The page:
“We are the only textured yarn producer in the world with the capability to produce product on four different continents. This gives us the ability to supply our customers with the same specifications wherever in the world they chose to source their fabrics and garments.

“Unifi’s global footprint and product innovation offers real opportunities to shorten the development cycle through our relationships with many of the major global sourcing companies – Li & Fung, Colby, William E Connor, Mast Industries and a new sourcing group Unimatrix”.

John Walker explained the importance of being well positioned in the world’s key consumer markets, while having sourcing and manufacturing locations in the world’s major production centres. And having decided to move into Asia, over the past two and a half years Unifi has learned a lot.

Competitive market
“Most important – we have learned that to emerge in this incredibly competitive market today, suppliers must find a way to create relevance beyond their products”, he said. “They must find a way to become connected with their customers to show them that they understand their customers markets, their customer’s customers, and their customer’s business.

“From a Unifi perspective we have done two things primarily. We have expanded our global footprint to include Asia, which now allows us to supply the ever growing portion of our customers’ business that is sourced from Asia.

“And we have helped to launch Unimatrix and in turn created a strategic alliance with this new and innovative sourcing company in an effort to drive innovation and to help shorten the total supply chain process”.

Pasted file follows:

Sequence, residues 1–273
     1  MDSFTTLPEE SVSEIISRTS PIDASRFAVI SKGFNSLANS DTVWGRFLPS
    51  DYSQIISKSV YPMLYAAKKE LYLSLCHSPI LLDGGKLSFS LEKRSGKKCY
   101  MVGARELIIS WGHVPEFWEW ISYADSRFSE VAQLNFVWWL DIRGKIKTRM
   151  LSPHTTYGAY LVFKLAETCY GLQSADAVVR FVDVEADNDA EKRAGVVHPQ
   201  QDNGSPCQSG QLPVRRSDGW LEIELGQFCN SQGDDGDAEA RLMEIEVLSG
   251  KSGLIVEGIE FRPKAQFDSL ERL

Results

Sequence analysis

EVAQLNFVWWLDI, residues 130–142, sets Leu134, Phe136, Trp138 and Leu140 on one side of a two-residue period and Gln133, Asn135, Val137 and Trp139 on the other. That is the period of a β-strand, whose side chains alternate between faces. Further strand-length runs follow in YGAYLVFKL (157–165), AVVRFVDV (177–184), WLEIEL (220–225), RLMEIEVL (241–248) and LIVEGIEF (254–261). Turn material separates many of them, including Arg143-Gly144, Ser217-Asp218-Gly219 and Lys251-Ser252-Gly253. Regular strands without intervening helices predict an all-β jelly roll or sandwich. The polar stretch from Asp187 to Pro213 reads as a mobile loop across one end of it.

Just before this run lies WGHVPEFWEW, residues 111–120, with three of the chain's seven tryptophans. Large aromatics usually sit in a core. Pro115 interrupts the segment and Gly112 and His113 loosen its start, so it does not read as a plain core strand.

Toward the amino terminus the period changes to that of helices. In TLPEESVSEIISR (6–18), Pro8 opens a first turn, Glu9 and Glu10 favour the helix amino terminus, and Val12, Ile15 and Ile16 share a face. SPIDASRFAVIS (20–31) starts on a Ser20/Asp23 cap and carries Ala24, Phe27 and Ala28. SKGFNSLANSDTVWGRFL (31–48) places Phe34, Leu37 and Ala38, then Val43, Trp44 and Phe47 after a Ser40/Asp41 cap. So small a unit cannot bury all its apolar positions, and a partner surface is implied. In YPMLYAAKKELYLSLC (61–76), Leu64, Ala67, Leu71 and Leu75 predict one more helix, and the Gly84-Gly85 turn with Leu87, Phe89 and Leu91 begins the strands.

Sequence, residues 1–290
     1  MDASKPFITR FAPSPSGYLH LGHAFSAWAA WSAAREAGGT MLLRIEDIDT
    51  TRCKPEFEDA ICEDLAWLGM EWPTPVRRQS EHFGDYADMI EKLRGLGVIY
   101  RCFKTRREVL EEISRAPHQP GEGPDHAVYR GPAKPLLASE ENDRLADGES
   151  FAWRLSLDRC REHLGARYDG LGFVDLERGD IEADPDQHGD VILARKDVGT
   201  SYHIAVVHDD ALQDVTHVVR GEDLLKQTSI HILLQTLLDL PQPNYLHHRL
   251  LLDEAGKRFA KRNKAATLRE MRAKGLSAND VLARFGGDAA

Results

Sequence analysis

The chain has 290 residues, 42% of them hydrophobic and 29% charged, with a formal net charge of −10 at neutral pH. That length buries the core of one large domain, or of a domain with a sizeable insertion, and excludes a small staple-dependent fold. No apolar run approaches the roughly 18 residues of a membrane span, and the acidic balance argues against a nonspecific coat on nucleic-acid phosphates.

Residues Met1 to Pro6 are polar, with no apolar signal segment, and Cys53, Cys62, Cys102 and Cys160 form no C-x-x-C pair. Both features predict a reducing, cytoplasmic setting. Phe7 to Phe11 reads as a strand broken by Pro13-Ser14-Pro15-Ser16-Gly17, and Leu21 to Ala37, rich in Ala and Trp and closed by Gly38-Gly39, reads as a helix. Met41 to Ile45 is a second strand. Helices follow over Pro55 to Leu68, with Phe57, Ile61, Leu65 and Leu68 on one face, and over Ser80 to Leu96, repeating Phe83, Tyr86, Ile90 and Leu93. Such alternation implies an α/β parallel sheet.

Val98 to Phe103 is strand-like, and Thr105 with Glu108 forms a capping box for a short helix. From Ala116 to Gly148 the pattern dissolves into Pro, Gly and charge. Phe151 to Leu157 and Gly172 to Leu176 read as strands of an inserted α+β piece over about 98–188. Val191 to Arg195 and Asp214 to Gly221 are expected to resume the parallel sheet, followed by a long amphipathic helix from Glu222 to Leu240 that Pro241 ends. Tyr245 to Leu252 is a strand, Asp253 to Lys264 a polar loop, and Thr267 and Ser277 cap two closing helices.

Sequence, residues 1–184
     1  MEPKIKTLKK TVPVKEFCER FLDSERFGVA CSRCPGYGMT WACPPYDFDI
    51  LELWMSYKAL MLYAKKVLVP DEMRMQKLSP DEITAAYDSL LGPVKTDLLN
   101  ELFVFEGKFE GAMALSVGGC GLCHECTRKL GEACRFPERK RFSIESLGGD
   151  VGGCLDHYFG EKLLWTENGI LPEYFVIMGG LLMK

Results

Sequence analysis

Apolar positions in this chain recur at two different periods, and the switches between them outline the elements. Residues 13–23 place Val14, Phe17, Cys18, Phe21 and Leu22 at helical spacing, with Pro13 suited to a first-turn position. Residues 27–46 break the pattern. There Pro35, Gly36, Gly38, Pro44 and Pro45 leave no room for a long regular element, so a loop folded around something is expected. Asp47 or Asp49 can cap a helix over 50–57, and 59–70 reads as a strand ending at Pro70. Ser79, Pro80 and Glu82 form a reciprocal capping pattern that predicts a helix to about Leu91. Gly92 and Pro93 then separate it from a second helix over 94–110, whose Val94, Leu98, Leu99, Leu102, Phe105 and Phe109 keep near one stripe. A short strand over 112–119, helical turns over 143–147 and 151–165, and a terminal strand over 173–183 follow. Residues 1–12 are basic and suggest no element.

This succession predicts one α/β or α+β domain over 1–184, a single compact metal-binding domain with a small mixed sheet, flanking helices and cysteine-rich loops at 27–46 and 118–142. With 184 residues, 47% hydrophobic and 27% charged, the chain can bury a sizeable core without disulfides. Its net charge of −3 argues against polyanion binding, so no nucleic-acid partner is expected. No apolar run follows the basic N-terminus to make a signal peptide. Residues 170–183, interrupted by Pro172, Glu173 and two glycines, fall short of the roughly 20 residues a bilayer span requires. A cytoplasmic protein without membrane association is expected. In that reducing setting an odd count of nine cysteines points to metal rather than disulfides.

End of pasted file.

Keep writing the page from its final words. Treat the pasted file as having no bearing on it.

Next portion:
He explained that Unifi worked for twenty months on a joint venture with a State Owned Polyester Enterprise. “We had to terminate the very advanced negotiations when the Bank of China, at the last minute, decided that they would not write off substantial loans made to the State Owned Enterprise – which for twelve months they had said they would.

“Joint ventures are not easy unless you find the right partner, wherever they may be. They are not easy to find”, he added.

China post 2005 will be a formidable competitor for all major apparel producing countries, John Walker said.

“They will be extremely difficult to compete against on price, quality and delivery. They know that lead times will have to be reduced from 90 days to 60 days to 45 days and then to 30 days.

“They will do what needs to be done to completely dominate the global apparel business. China is unstoppable”, he concluded.

Based on a paper presented by John Walker of Unifi to the ASBCI Annual Conference, held at the Hanover Hotel in Hinckley in May 2004.
Author: John Gibbon